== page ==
The Deputy Prime Minister of Lesotho, Monyane Moleleki, this week unveiled a new tool to better manage HIV and health programming in the small southern African kingdom – one that’s getting a little star-power energy from activist Naomi Campbell.
The Lesotho HIV and health “situation room” platform shows real-time service delivery data, to better visualize and understand Lesotho’s HIV epidemic.
“In a war situation room, that is where you plan the very survival of the people,” Moleleki said. “So the situation room that we are talking about that is symbolized by this data collection, management and results-oriented tool is very apt for us, because it means the very survival of the nation of Lesotho.”
The latest data show that Lesotho has nearly 200,000 people on HIV treatment, according to UNAIDS. Young people remain at greater risk across Africa and that’s especially true in Lesotho, where HIV in girls and women between the ages of 15 and 24 years accounts for about 25 percent of new infections each year.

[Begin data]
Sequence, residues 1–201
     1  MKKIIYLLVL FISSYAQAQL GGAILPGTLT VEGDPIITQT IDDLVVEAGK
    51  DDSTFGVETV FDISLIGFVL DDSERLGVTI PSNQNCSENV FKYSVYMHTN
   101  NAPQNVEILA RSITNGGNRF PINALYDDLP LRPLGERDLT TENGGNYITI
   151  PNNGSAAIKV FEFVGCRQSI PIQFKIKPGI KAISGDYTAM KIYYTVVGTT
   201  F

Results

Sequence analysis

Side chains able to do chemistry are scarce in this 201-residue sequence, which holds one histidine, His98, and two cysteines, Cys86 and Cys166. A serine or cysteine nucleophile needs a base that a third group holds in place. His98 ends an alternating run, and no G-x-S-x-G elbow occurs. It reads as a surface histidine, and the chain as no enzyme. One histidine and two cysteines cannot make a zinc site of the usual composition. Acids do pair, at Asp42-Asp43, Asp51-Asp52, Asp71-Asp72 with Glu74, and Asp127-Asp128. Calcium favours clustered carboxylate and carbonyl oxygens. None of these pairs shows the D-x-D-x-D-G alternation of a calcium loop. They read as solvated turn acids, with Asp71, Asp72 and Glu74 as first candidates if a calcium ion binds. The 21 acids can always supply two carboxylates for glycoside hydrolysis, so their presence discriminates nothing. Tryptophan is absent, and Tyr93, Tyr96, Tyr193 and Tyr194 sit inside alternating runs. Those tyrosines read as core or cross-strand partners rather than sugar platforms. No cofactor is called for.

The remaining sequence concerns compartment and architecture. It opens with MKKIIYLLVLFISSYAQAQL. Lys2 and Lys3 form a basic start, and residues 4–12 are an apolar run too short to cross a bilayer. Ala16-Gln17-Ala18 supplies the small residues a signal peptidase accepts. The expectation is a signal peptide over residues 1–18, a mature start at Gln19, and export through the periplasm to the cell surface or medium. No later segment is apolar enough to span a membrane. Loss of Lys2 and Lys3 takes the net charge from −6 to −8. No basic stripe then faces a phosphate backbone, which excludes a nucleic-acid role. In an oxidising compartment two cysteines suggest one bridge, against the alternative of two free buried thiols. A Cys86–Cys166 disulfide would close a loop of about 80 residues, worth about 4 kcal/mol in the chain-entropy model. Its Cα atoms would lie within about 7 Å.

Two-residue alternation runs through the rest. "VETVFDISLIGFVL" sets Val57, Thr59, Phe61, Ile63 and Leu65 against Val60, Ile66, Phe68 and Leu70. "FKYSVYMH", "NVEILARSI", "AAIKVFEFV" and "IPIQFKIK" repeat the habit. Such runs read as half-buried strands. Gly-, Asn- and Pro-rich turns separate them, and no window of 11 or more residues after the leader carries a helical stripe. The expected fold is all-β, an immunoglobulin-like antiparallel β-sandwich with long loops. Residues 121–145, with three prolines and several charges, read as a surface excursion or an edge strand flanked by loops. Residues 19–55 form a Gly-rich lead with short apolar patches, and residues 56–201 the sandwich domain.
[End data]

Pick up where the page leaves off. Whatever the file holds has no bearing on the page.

“These are the kind of innovations that will bring services to those who need them most and ensure that no one is left behind by the AIDS response,” said Michel Sidibé, the UNAIDS Executive Director.
Fashion model and activist Naomi Campbell attended the launch with Sidibé as part of a two-day fact-finding trip to the country. During the trip, Campbell also visited the Queen II Hospital in Maseru, and met young women living with HIV and others affected by the HIV epidemic.
“I commend the Government of Lesotho and its partners for the progress made in the AIDS response. But the work is far from done,” Campbell said. “The reality is that we are not reaching adolescent girls and young women. I leave Lesotho today empowered, inspired, encouraged and determined to do all I can to highlight this critical issue.”
Image: Naomi Campbell